The workout tab has free exercises with a variety of times and intensity levels. When starting an interval workout, the app has the instructor demonstrating that movement and a countdown prior to starting the movement. The app displays countdowns before and during your interval on your screen. At the end of workouts, you are able to view the calories burned in each movement and it allows you to add the workout to your exercise diary automatically. The workout portion of the app is appealing for those who have less than 30 minutes (some less than 10 minutes!) in their days to exercise. Most of the free workouts available only require you and a mat or towel. One workout was titled “10 minute Basic Gym Equipment Workout” with only a few key pieces of equipment needed. The exercises are designed to target some of those muscle groups that tend to be underworked. However, there are only a handful of workouts available on the free version, so it might not be ideal for those who want more variations in their workouts. There are several more options for workouts that can be unlocked by upgrading your account to Gold.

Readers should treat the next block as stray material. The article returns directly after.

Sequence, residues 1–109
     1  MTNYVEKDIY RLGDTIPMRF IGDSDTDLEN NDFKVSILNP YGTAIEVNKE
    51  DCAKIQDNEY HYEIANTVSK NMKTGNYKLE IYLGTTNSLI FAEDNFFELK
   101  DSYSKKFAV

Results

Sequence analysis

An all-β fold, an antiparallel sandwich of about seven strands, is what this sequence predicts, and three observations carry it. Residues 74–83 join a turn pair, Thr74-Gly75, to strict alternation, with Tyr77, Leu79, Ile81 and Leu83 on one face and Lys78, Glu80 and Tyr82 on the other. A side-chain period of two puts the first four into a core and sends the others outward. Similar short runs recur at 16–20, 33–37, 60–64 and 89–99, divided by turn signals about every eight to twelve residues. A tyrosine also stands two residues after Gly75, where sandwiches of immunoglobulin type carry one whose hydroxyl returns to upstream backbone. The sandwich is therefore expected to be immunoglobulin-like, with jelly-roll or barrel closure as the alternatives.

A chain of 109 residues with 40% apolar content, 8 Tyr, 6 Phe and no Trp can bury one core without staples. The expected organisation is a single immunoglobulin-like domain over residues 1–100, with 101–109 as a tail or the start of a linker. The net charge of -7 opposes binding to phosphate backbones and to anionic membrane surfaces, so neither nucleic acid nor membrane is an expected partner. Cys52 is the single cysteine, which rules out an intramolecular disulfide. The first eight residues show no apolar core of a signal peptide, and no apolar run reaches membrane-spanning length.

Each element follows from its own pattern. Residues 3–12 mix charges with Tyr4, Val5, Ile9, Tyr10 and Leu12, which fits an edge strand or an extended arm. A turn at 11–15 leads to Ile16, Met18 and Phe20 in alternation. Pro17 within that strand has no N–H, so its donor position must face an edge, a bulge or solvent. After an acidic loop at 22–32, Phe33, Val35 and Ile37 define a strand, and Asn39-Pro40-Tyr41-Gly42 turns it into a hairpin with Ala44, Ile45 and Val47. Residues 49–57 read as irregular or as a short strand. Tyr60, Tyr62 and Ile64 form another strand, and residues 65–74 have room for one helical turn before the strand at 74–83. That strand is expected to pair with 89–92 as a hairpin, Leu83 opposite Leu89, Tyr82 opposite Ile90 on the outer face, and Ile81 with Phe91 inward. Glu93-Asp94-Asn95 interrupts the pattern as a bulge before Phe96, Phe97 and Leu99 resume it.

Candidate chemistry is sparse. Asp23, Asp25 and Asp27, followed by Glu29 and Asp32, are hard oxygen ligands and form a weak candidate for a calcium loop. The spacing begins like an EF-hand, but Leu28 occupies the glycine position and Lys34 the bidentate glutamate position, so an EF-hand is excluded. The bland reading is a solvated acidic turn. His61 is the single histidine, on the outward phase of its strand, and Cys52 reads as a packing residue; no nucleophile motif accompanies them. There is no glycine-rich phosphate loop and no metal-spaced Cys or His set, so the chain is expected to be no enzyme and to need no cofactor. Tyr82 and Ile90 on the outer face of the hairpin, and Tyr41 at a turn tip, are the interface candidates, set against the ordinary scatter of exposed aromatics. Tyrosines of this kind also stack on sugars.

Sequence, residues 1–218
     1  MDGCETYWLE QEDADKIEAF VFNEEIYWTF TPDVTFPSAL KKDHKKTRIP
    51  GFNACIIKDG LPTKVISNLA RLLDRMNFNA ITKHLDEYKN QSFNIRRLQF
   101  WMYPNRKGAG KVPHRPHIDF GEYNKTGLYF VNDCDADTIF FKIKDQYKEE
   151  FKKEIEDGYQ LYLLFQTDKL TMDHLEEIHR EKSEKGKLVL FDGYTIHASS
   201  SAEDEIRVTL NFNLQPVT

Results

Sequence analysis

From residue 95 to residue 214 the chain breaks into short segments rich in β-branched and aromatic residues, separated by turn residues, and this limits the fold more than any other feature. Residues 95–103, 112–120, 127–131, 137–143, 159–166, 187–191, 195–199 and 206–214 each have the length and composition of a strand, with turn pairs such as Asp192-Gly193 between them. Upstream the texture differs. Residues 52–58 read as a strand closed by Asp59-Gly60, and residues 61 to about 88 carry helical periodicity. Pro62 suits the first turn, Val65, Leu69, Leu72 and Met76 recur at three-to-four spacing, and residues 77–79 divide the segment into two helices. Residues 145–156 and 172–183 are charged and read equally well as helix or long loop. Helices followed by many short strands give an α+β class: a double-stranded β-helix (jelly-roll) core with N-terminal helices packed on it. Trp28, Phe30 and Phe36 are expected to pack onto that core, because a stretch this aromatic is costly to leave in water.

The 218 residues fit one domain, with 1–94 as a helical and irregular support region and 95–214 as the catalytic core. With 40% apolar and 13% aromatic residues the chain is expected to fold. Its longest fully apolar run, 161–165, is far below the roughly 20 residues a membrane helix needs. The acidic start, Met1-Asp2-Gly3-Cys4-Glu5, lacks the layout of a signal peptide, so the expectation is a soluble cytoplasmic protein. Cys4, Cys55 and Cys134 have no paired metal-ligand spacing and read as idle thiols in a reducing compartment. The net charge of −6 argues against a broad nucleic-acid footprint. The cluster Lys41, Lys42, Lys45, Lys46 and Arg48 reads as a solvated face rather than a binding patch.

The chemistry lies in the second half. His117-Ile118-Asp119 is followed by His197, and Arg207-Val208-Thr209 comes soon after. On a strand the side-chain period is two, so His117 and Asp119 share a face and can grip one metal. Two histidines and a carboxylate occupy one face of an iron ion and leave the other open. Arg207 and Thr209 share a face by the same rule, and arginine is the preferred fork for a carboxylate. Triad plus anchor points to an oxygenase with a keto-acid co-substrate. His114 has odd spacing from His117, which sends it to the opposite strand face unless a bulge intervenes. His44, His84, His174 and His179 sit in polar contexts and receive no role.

Food Tracking – ★★★★
All tracking components of this app are located under the Tracking tab. This is the initial tab when opening the app and it has an outline of your day. The top says “Today” with arrows to go back or forth from days. Then below that, it has a box where it lists my calorie goal, the number of calories I consumed, the number of calories I have burned and net calories. These are updated as I input information. Below the box, it has icons to click and input information titled: breakfast, lunch, dinner, snack, exercise, weight and water. You have access to your food diary on this tab and numerous free recipes with fat, carb and protein information.